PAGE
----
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Now Roasting in Sacramento: Pachamama Coffee Cooperative

Photo by Pachamama Coffee Cooperative

Photo by Pachamama Coffee Cooperative

On the heels of a $50,000+ Kickstarter campaign and additional investment from its own members, Pachamama Coffee Cooperative has opened an approximately 2,000-square-foot production roastery in Sacramento.

It’s a significant investment for the growing cooperative, founded by CEO Thaleon Tremain and wholly owned by member cooperatives in Peru (COCLA), Nicaragua (PRODECOOP), Guatemala (MANOS CAMPESINAS), Mexico (HUATUSCO) and Ethiopia (OROMIA). Pachamama was previously outsourcing the roasting of coffees from its member cooperatives, and the new roasting operation allows for complete verticality.

At the heart of the roastery is a modified 30-kilo Ambex unit. Additional space, including a small retail section for roasted or green coffee sales and a cupping lab, will be open to the public during business hours at 919 20th Street.

In addition to the roastery investment, Pachamama is currently in the build-out process for a new coffee bar in East Sacramento at 36th and J Streets. It will be the company’s second retail bar, following the success of its initial cafe in Davis, Calif. Like the Davis cafe, the East Sac bar interior will include loads of wood from felled trees reclaimed by local craftsman Clark Kayler.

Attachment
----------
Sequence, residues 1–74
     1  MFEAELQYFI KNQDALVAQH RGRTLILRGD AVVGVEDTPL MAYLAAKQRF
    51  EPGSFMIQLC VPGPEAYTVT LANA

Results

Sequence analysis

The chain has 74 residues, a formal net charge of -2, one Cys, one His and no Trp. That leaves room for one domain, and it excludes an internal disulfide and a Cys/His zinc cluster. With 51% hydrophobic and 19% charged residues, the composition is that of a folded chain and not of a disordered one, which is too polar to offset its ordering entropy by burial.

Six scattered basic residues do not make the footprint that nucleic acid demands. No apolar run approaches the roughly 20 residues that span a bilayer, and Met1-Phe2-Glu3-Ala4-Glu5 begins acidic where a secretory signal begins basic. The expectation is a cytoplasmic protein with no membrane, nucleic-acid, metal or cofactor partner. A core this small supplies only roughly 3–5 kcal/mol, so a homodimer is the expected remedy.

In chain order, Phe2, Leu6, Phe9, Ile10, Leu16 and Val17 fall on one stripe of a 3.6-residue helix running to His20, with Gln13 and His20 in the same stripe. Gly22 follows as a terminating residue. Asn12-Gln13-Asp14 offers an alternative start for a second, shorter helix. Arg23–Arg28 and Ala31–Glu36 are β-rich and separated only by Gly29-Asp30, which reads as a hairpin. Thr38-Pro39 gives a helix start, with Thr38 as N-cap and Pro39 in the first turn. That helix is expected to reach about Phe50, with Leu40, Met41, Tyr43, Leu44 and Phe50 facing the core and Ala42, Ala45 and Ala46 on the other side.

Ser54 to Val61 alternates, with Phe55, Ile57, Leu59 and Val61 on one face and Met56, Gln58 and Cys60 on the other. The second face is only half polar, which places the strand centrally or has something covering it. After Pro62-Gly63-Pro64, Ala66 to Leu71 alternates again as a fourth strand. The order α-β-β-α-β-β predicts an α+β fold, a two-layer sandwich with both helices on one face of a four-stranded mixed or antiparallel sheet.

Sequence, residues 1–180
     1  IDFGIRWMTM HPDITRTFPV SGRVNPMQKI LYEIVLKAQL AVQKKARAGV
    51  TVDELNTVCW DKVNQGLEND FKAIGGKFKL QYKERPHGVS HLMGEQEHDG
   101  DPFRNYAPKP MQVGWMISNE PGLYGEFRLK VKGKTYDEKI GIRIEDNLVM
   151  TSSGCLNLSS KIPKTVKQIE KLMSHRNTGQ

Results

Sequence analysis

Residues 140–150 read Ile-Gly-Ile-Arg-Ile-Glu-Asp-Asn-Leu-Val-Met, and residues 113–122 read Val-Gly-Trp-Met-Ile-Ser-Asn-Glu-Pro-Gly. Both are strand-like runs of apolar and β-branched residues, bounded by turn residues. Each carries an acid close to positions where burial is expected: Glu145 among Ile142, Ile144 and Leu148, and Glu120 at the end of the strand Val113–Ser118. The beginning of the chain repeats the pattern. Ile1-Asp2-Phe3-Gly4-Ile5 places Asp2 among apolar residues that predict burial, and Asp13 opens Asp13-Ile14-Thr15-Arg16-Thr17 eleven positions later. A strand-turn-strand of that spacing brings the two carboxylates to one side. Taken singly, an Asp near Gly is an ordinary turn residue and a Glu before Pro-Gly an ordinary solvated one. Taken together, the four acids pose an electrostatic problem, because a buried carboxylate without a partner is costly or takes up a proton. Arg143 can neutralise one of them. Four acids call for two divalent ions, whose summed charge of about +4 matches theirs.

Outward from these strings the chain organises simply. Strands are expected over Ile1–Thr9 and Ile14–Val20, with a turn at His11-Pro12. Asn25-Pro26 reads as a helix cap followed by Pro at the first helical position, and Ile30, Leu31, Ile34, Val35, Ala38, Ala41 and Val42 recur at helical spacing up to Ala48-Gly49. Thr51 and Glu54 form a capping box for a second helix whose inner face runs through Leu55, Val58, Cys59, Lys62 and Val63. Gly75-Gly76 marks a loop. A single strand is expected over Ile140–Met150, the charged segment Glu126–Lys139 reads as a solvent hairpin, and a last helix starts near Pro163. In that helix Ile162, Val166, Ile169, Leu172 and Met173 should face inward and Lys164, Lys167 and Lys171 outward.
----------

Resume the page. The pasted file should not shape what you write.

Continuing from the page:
“The East Sac coffee bar will feature our farmers’ best single-origin coffee and an assortment of local pastries and desserts,” Tremain recently told Daily Coffee News, adding that the shop is slated for an August opening. Those single-origins will be featured in a range of manual pourover brewing options and espresso drinks.

Pachamama is also planning a dedicated cold brew station and a retail section for roasted coffee that will pay special attention to the coffee’s seed-to-cup journey. Tremain says the space will feature the TraceableCoffee.org platform, which was developed by Pachamana to promote tipping directly to the company’s smallholder farmer members.

Consumers can either scan the QR code or enter the source ID number found on Pachamama’s retail bags, and the platform takes them directly to a webpage full of information on an individual farmer, including the size and altitude of the farm, the coffee varieties grown there and the approximate annual harvest.

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